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Ahiflower Oil: A Complete and Balanced Plant-Based ‘Multi-Omega’ By Dr Peter Alphonse, PhD, CFS

Latest research shows ready DHA conversion

Ahiflower® (refined Buglossoides arvensis) seed oil is the newest plant-based entrant in the omega nutrition category. Ahiflower oil has been approved by Health Canada (NNHPD) for product NPN licensing and has been USFDA GRAS reviewed with no objections.

Ahiflower oil contains a uniquely high combination of omega-3 ALA and SDA (stearidonic acid) plus omega-6 GLA (gamma linolenic acid). Its total polyunsaturated fatty acid (PUFA) content is about 85%, among the highest in the plant kingdom. It is the richest dietary source of SDA at about 20%. Both SDA and GLA bypass the hepatic delta-6 desaturase rate limiting step, making Ahiflower the most biologically advanced plant-based omega source in terms of longer-chain PUFA biosynthesis. See Fig. 1.

Figure 1. Metabolism of Omega-3 and Omega-6 Fatty Acids.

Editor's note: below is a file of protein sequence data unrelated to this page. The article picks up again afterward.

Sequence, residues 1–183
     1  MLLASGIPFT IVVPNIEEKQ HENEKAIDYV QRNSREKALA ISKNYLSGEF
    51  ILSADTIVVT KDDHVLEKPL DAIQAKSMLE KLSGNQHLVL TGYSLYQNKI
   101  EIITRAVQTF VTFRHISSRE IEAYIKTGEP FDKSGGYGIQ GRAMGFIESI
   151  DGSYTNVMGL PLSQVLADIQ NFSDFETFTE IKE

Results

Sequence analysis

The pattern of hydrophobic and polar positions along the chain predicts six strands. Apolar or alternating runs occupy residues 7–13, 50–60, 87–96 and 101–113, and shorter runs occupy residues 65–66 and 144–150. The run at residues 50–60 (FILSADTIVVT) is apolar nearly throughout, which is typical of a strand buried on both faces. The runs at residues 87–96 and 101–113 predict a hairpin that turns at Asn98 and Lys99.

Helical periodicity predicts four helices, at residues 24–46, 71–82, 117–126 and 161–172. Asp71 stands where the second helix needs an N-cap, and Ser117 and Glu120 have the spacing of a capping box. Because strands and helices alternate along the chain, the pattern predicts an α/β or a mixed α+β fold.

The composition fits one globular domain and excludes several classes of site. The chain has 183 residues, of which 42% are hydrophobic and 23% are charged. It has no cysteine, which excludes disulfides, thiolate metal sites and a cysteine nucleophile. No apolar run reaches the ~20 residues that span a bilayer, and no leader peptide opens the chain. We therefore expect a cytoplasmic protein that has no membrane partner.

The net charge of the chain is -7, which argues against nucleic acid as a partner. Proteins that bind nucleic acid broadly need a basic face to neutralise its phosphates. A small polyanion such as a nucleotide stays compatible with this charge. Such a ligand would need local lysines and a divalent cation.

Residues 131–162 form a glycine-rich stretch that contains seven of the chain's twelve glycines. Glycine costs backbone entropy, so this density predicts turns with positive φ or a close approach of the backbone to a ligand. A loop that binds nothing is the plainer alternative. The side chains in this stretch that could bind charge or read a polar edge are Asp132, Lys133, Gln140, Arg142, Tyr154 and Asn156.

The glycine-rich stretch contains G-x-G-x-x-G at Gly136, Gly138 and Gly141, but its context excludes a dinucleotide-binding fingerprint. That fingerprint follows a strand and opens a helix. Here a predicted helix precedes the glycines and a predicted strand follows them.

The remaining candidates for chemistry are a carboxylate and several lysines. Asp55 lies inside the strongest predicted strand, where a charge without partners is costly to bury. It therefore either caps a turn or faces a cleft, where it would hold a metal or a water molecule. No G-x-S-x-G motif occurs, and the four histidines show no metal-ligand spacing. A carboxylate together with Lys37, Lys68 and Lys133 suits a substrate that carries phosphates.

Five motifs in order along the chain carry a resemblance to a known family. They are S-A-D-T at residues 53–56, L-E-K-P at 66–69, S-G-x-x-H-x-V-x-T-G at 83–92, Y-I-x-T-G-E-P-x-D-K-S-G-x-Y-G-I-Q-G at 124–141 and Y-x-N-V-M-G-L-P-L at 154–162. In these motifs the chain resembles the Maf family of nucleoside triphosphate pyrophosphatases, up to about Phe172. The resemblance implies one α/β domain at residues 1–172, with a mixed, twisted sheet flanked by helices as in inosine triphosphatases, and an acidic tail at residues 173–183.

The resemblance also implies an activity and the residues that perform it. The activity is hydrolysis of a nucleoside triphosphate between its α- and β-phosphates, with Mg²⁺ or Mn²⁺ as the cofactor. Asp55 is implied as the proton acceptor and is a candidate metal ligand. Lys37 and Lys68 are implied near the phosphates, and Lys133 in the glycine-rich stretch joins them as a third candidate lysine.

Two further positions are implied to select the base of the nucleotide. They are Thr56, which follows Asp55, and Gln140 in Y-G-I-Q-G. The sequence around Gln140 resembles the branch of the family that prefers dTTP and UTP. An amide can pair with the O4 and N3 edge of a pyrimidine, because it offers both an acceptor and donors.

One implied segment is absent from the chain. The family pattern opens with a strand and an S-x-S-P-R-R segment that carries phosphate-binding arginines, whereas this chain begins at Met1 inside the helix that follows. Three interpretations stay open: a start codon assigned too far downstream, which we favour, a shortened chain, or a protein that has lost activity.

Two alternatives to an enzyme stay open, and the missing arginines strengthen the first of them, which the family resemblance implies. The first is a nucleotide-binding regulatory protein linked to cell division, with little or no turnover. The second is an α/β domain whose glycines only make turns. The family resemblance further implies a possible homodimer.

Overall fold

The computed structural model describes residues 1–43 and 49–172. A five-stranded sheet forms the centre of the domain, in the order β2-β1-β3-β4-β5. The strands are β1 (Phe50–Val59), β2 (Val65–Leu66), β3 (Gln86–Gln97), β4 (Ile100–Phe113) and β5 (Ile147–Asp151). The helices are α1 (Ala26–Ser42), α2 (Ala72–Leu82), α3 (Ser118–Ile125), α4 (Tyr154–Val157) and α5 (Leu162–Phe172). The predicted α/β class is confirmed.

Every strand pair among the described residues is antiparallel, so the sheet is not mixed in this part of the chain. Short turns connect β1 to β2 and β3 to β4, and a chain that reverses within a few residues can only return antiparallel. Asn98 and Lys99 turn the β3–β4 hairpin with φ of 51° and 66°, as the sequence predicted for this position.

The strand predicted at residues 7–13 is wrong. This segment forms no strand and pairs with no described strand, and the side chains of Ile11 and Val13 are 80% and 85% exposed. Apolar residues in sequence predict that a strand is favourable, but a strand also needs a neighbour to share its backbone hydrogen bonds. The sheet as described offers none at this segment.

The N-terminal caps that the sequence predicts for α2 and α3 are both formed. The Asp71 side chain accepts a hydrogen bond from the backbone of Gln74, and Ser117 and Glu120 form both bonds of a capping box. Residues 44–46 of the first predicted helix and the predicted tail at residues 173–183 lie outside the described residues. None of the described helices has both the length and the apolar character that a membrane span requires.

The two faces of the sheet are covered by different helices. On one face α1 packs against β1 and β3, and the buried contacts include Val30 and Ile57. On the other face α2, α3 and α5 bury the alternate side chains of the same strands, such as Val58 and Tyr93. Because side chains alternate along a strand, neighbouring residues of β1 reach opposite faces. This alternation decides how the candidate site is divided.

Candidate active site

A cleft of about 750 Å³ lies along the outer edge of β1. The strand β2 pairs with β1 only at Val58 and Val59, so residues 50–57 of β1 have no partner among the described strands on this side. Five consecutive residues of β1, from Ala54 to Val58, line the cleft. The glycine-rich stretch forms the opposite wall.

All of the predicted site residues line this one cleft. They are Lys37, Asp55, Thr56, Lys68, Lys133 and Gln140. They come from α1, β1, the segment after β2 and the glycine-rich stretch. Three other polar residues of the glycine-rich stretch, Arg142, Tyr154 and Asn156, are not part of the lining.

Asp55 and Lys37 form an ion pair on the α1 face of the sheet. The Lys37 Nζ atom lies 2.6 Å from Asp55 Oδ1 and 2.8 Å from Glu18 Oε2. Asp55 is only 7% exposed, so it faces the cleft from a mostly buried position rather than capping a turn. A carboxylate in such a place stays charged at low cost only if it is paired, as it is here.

(Provided with permission from Natures Crops International.)

Other commercially available dietary SDA and GLA sources include echium oil, hemp seed oil, and black currant seed oil, but Ahiflower oil leads by far compositionally. See Chart 1.

Chart 1. Highest SDA-Containing Plant-Based Dietary Oils

Key Fatty AcidsAhiflower (%)SDA Soya* (%)1Echium (%)2Hemp (%)3Black Currant (%)4
ALA (c18:3, n-3)42-48113018-2110-12
SDA (c18:4, n-3)19-222111-131-22-4
LA (c18:2, n-6)9-15251948-5238-40
GLA (c18:3, n-6)5-869-113-415
Total Omega-360-653240-4320-2312-16
Total Omega-614-33312951-5653-55
Typical SDA:GLA Ratio3.5:13.5:11:10.5:10.2:1
Typical Omega-3:6 Ratio4:11:11.5:10.4-0.450.2-0.3

Note: Conventional plant-based omega-3 oil sources flaxseed, chia, and perilla seed contain only ALA and LA.
*SDA Soya oil is presently not in commerce in human nutrition in North America, Europe, or the UK.

In terms of preclinical and clinical evidence of Ahiflower oil’s biological activity, peer-reviewed publications to date highlight:

  • Ahiflower oil is well tolerated at high daily intakes up to 10 grams/day and demonstrates up to 4x better omega-3 EPA conversion than flaxseed oil in healthy humans, along with significant anti-inflammatory GLA and DGLA accrual — this is due to Ahiflower’s uniquely high combined SDA and GLA content.5